“Long term, energy management is probably the single biggest driver of economic success in the cannabis market,” Hade says. “Today, energy costs represent anywhere from 25 percent to 50 percent of a cultivation facility’s total operating costs. That percentage will almost certainly go up as the cultivation process becomes increasingly automated, which is already happening.
Learn the basics of microgrids and nanogrids and see how they’re being utilized for indoor agricultural facilities.
Members from Scale Microgrid Solutions contributed their distributed energy expertise to the city of Denver’s best practices guide for cannabis sustainability.
A study estimated a single, indoor marijuana plant takes the equivalent of 70 gallons of oil to grow. Energy demand at Colorado’s largest utility grew about 2 percent after marijuana was legalized.
The cannabis industry’s thirst for energy has been well documented, with a majority of commercial cultivations burning electricity indoors because of local laws banning outdoor grows.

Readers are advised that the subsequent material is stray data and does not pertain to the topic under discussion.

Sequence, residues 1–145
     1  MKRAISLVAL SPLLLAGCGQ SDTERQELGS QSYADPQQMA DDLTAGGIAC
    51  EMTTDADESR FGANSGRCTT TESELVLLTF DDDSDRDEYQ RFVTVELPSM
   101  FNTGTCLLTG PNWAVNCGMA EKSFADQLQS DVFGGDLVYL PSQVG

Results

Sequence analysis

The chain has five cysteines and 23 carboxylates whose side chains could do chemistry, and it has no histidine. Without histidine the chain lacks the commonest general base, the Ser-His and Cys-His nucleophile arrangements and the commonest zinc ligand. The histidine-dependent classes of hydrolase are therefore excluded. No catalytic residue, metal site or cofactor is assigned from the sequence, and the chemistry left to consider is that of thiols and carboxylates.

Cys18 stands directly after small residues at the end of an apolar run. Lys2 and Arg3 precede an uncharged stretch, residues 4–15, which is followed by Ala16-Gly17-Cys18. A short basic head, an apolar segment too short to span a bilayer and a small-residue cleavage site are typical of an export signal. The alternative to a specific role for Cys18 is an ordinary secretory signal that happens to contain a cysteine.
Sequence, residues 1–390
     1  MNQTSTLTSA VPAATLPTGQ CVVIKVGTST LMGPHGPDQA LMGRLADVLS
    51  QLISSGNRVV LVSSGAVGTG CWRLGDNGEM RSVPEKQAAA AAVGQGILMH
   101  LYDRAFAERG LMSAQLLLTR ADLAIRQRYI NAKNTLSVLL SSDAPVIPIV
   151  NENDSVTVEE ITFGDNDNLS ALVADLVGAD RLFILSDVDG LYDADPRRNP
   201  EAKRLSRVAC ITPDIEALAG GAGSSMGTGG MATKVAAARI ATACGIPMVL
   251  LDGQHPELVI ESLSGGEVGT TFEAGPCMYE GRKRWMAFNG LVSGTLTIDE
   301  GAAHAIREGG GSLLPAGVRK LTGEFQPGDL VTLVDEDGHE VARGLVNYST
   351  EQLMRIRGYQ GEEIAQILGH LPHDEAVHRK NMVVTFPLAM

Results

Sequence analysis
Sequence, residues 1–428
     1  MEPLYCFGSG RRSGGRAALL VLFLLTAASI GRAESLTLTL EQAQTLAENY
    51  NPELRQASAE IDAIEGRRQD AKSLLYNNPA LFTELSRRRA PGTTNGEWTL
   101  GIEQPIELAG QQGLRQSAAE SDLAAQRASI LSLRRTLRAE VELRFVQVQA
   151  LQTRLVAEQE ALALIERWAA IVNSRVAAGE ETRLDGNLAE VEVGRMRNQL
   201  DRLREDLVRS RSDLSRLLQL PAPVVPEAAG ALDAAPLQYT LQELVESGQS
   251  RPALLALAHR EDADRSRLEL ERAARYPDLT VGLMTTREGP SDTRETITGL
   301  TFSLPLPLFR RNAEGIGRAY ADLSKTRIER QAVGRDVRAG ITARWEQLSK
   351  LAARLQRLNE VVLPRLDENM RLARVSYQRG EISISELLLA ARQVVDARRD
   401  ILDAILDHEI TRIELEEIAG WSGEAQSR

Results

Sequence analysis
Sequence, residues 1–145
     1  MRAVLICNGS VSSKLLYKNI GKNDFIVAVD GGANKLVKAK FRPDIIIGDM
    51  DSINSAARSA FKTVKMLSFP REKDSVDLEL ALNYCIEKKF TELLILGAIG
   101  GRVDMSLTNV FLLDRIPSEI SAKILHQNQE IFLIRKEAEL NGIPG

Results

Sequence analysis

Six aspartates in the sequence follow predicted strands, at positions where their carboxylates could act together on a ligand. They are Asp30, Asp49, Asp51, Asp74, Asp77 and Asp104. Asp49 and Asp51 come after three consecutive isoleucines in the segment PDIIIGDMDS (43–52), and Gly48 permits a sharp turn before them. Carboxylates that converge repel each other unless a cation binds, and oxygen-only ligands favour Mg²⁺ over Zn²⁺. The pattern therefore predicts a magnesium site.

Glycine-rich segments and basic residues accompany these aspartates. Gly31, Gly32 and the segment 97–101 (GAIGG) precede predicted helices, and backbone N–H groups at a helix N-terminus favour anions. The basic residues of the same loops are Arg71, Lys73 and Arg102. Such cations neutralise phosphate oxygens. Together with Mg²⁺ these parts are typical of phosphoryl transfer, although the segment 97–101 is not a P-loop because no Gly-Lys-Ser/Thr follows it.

Forward-thinking companies are pushing the cannabis industry to employ a variety of techniques and technologies to reduce energy consumption, cut down operating expenses and be more environmentally friendly
True story: pot’s not green
Microgrids for the cannabis industry could solve the industry’s energy hog problem — and help utilities grappling with increases in demand in states where cannabis is legal.
Electricity-intensive cannabis production has a big carbon footprint, but with legalization, some eco-conscious growers want to make pot a shining model of sustainability.
Scale Energy Solutions, is a new company formed by entrepreneurs from Stanford University, the University of Pennsylvania, and the United States Air Force Academy, to serve the energy needs of the indoor cultivation sector of the legal cannabis industry.